Compton retained the seat in 1962, and lost in 1965 to Country Party candidate Bruce Duncan.

Duncan held the seat throughout the 1970s as the party became the National Country Party. In 1982, the party changed its name to the National Party. Duncan objected to the name change, and resigned from the party. While he sat as an independent, he was not opposed by the National Party in 1984, when he was re-elected as an independent. He retired at the 1988 election.

Bill Rixon won Lismore for the National Party in 1988. He held it comfortably over the next decade, and retired in 1999. He was succeeded in Lismore by fellow National Thomas George. George has been re-elected four times.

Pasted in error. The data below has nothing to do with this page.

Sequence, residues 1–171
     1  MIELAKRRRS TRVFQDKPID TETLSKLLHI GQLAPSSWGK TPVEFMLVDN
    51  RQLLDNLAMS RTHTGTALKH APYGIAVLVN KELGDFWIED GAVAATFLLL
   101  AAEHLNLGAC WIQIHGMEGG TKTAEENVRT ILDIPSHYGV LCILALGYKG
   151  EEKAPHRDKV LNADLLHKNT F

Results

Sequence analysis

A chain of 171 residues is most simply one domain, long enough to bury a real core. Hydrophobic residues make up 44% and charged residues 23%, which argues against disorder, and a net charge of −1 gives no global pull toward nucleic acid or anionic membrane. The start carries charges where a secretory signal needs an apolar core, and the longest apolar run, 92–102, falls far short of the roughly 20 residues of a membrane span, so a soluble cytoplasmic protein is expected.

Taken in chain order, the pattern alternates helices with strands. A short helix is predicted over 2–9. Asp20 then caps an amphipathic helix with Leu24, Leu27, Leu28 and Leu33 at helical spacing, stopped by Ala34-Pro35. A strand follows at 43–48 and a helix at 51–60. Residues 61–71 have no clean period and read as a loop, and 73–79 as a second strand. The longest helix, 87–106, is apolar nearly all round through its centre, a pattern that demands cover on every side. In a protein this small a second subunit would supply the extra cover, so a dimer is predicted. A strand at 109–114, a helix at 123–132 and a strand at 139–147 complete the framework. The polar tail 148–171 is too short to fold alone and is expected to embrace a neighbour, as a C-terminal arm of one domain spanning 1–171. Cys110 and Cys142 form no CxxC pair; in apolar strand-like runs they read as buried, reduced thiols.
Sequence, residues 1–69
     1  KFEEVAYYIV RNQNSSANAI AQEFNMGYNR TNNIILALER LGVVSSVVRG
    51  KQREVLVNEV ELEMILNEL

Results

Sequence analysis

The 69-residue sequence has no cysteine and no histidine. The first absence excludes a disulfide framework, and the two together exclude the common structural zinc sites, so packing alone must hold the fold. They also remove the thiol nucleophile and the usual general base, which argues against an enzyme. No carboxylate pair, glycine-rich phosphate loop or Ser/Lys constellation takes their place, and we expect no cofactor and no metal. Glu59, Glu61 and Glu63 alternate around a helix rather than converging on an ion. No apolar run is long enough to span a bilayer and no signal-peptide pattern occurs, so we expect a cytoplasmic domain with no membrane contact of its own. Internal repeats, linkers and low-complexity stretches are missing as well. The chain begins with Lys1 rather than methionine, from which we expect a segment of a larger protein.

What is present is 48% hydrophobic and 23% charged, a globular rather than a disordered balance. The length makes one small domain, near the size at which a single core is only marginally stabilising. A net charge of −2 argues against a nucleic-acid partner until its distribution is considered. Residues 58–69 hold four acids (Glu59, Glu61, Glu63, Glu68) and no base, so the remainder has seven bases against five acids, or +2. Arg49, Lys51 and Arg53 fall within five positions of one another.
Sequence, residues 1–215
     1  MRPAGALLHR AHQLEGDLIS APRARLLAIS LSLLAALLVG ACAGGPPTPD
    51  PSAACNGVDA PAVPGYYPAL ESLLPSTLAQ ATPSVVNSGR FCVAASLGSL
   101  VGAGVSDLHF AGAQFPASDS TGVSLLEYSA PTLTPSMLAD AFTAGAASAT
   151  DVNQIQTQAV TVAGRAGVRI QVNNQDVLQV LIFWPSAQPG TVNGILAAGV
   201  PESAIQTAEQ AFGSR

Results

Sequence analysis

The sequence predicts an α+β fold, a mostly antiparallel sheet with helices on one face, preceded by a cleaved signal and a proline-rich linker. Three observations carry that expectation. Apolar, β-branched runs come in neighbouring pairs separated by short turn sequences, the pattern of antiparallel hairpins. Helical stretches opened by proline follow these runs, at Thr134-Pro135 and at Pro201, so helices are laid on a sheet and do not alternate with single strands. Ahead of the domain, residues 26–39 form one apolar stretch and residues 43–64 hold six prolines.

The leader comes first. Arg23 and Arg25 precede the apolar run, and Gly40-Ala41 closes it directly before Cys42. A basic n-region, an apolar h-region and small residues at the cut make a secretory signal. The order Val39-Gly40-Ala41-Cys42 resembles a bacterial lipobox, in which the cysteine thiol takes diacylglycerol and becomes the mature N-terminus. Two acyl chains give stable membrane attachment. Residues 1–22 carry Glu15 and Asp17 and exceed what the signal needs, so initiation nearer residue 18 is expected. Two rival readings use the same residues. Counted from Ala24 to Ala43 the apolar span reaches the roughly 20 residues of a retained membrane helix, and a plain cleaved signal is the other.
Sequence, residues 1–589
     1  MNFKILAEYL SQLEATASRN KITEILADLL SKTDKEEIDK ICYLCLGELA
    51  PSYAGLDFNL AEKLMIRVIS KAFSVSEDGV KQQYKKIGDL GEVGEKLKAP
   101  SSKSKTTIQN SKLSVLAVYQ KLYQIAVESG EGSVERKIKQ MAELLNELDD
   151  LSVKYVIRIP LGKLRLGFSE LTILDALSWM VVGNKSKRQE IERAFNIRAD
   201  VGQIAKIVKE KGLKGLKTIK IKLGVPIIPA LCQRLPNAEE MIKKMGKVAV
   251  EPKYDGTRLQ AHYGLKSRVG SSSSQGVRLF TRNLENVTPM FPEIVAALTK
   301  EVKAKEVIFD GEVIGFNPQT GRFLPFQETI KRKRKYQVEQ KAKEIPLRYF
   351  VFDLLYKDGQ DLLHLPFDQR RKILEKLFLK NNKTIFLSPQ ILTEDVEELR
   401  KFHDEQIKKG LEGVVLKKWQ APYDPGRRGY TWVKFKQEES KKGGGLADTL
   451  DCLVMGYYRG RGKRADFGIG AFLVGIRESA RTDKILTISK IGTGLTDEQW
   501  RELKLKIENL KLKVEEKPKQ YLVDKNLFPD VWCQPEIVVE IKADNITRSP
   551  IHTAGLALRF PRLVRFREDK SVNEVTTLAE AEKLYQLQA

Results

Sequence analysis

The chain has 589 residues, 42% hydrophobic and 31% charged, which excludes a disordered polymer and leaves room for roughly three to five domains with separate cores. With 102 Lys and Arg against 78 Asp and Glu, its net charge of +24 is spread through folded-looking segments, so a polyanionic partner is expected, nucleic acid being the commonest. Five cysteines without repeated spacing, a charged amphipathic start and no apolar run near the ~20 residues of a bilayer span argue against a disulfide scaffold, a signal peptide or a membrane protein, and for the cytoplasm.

Candidates

  • Austin Curtin (Nationals)
  • Sue Higginson (Greens)
  • Janelle Saffin (Labor)

Assessment
The Greens came close to winning Lismore in 2015 and will be hoping to do better at the next election. To achieve this, the Greens would need to stay ahead of Labor and then gain enough votes on preferences to close the 2.9% margin.

2015 result

CandidatePartyVotes%Swing
Thomas George Nationals 19,97542.5-17.2
Adam Guise Greens 12,43526.4+7.4
Isaac Smith Labor 12,05625.6+12.7
Gianpiero BattistaChristian Democrats1,3392.8+1.1
Cherie ImlahAnimal Justice7171.5+1.5
Alan JonesNo Land Tax5251.1+1.1
Informal1,0672.2

2015 two-candidate-preferred result

CandidatePartyVotes%Swing
Thomas George Nationals 21,65452.9-21.5
Adam Guise Greens 19,30947.1+21.5

2015 two-party-preferred result

CandidatePartyVotes%Swing
Thomas George Nationals 21,24750.2-24.1
Isaac Smith Labor 21,05549.8+24.1

Booth breakdown

Booths in Lismore have been split into five areas. Polling places in the Kyogle, Tenterfield and Tweed council areas have been grouped together. Polling places in the Lismore council area have been split in two parts: Lismore North and Lismore South. Lismore South covers the town of Lismore itself.